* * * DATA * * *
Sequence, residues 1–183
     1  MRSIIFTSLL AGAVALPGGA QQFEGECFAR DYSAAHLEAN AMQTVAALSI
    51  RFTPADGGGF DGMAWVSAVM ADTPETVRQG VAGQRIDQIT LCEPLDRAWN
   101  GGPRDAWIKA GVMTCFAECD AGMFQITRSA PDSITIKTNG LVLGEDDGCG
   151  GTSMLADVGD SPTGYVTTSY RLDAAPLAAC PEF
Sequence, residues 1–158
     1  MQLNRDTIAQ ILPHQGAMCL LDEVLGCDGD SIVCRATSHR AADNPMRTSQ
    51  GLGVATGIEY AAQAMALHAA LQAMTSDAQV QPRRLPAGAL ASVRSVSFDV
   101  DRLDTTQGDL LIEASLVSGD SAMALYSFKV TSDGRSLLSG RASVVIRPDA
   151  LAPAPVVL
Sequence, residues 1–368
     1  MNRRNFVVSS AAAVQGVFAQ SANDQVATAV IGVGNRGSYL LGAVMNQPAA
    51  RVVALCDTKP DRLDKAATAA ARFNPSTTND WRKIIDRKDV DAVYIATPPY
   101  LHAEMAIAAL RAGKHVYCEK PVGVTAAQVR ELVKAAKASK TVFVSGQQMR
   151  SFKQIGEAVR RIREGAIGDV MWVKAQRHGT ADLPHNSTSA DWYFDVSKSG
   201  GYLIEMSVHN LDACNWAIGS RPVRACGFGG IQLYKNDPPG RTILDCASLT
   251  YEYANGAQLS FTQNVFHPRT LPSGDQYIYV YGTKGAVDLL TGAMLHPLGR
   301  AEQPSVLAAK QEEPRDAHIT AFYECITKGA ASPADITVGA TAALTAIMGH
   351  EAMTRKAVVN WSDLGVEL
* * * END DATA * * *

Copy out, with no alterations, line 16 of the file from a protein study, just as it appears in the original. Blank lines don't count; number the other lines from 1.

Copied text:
   201  GYLIEMSVHN LDACNWAIGS RPVRACGFGG IQLYKNDPPG RTILDCASLT